Topic Tag: Photobooks

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    • Book making tips & suggestions Website about photobooks Biblioscapes (biblioscapes.com) is a great place to look at the photobooks currently being produced by both artistic pro photographers & amateurs.  Photobooks are an important channel to market for the former. Commercial book printers I have used Blurb, Loxley (a while ago) and Saal.  The last is probably the highest quality and most expensive.  All have easy to use software which you can use to layout and design your books.  Other brands are available. Graphic design software If you want to do your own graphic design, either for a commercial printer to use (possible with a pdf version) or to make your own book, I recommend trying software created for this type of work.  I use Adobe Indesign, which we have access to at home anyway as we have the full (pricey) Adobe package.  It is sophisticated software, used by professionals, with complexity to match, but can be used by novices like me who are prepared to climb a little way up the learning curve.  An alternative which many use is Affinity, which I have not tried, but Di Wilkins is familiar with it. Very simple designs, with straightforward pagination can be done using ordinary photo software, which can accommodate text (if you are using it), as well as images.  Photoshop will do fine. Books about book making The standard book that everyone uses is called ‘Making Books’ by Simon Goode & Ira Yonemura.  It has clear instructions, describes the tools you need, lists useful suppliers of materials & is great for getting started. I have also used ‘Handmade Books’ by Alisa Golden, which has masses of different potential projects, some quite odd, which can be fun to try, or to use elements of. Papers for book making You can use ordinary paper, or photopaper for book making.  I use matt photopaper for mine. Photopaper is often quite thick, and printable on only one side.  (I expect that you could print text on the wrong side without a problem.)  The thinnest paper I have used is Hahnemühle rice paper (100gsm), which is good for Japanese stab bound books because it is not very stiff.  You do need to print with a reduced amount of ink (I drop it by 50%) to avoid soaking the paper too much, especially in darker areas. I have used two double sided papers: Hahnemühle Photo Rag Book & Album & Fotospeed Art Smooth Duo.   The latter is generally cheaper, but slightly less good quality.  Both are available in A4 & A3.  The Fotospeed paper also comes in panoramic size (equivalent to a double spread of two A4 pages in landscape orientation).Website about photobooks Biblioscapes (biblioscapes.com) is a great place to look at the photobooks currently being produced by both artistic pro photographers & amateurs.  Photobooks are an important channel to market for the former. Commercial book printers I have used Blurb, Loxley (a while ago) and Saal.  The last is probably the highest quality and most expensive.  All have easy to use software which you can use to layout and design your books.  Other brands are available. Graphic design software If you want to do your own graphic design, either for a commercial printer to use (possible with a pdf version) or to make your own book, I recommend trying software created for this type of work.  I use Adobe Indesign, which we have access to at home anyway as we have the full (pricey) Adobe package.  It is sophisticated software, used by professionals, with complexity to match, but can be used by novices like me who are prepared to climb a little way up the learning curve.  An alternative which many use is Affinity, which I have not tried, but Di Wilkins is familiar with it. Very simple designs, with straightforward pagination can be done using ordinary photo software, which can accommodate text (if you are using it), as well as images.  Photoshop will do fine. Books about book making The standard book that everyone uses is called ‘Making Books’ by Simon Goode & Ira Yonemura.  It has clear instructions, describes the tools you need, lists useful suppliers of materials & is great for getting started. I have also used ‘Handmade Books’ by Alisa Golden, which has masses of different potential projects, some quite odd, which can be fun to try, or to use elements of. Papers for book making You can use ordinary paper, or photopaper for book making.  I use matt photopaper for mine. Photopaper is often quite thick, and printable on only one side.  (I expect that you could print text on the wrong side without a problem.)  The thinnest paper I have used is Hahnemühle rice paper (100gsm), which is good for Japanese stab bound books because it is not very stiff.  You do need to print with a reduced amount of ink (I drop it by 50%) to avoid soaking the paper too much, especially in darker areas. I have used two double sided papers: Hahnemühle Photo Rag Book & Album & Fotospeed Art Smooth Duo.   The latter is generally cheaper, but slightly less good quality.  Both are available in A4 & A3.  The Fotospeed paper also comes in panoramic size (equivalent to a double spread of two A4 pages in landscape orientation).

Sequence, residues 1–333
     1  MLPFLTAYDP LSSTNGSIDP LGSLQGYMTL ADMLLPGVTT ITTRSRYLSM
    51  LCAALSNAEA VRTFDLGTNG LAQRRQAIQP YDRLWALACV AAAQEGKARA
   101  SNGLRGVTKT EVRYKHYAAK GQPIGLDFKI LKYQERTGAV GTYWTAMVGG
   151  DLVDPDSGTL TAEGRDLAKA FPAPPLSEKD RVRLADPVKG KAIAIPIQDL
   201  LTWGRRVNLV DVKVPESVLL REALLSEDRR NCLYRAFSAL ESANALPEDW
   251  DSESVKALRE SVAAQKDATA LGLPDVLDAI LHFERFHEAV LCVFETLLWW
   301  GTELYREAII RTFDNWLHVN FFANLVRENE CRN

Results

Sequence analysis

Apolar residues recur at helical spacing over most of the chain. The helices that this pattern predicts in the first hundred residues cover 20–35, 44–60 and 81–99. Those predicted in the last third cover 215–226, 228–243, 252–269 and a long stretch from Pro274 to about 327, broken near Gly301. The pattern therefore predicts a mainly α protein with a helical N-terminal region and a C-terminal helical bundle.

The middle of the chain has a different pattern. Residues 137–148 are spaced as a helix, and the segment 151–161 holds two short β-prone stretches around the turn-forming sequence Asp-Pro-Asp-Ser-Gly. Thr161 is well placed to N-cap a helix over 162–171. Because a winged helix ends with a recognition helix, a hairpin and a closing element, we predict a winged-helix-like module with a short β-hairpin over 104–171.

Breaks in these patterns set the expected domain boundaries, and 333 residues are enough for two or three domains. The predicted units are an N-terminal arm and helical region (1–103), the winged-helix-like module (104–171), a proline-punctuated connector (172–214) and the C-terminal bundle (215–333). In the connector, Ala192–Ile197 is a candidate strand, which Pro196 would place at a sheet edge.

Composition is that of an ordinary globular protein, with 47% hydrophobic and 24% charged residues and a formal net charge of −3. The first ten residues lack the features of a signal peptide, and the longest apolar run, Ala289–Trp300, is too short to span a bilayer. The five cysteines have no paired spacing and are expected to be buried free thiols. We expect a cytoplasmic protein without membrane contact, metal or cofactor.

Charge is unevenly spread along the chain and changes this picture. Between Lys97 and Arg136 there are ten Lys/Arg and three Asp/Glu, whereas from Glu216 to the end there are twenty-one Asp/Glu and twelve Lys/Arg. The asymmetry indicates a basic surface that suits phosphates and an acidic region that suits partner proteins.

Started by: Bridget Davies in: Members General Forum

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    • 1 week, 6 days ago

      Adrian Midgley

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